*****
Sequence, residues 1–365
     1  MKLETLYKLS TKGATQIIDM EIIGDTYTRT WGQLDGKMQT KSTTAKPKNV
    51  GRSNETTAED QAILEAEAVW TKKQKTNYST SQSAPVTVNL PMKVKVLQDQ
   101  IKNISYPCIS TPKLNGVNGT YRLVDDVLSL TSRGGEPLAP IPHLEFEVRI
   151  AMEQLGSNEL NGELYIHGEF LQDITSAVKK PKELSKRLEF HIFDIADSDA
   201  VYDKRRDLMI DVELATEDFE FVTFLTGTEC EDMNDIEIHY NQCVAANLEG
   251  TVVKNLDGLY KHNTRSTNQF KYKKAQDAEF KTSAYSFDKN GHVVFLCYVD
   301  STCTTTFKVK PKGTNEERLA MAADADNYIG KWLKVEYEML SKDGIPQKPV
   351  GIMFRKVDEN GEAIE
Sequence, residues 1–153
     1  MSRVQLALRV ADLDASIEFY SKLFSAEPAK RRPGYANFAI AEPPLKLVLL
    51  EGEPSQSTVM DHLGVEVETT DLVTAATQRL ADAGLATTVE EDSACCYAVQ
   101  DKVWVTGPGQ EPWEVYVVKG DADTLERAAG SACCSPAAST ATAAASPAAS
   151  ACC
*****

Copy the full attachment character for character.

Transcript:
Sequence, residues 1–365
     1  MKLETLYKLS TKGATQIIDM EIIGDTYTRT WGQLDGKMQT KSTTAKPKNV
    51  GRSNETTAED QAILEAEAVW TKKQKTNYST SQSAPVTVNL PMKVKVLQDQ
   101  IKNISYPCIS TPKLNGVNGT YRLVDDVLSL TSRGGEPLAP IPHLEFEVRI
   151  AMEQLGSNEL NGELYIHGEF LQDITSAVKK PKELSKRLEF HIFDIADSDA
   201  VYDKRRDLMI DVELATEDFE FVTFLTGTEC EDMNDIEIHY NQCVAANLEG
   251  TVVKNLDGLY KHNTRSTNQF KYKKAQDAEF KTSAYSFDKN GHVVFLCYVD
   301  STCTTTFKVK PKGTNEERLA MAADADNYIG KWLKVEYEML SKDGIPQKPV
   351  GIMFRKVDEN GEAIE
Sequence, residues 1–153
     1  MSRVQLALRV ADLDASIEFY SKLFSAEPAK RRPGYANFAI AEPPLKLVLL
    51  EGEPSQSTVM DHLGVEVETT DLVTAATQRL ADAGLATTVE EDSACCYAVQ
   101  DKVWVTGPGQ EPWEVYVVKG DADTLERAAG SACCSPAAST ATAAASPAAS
   151  ACC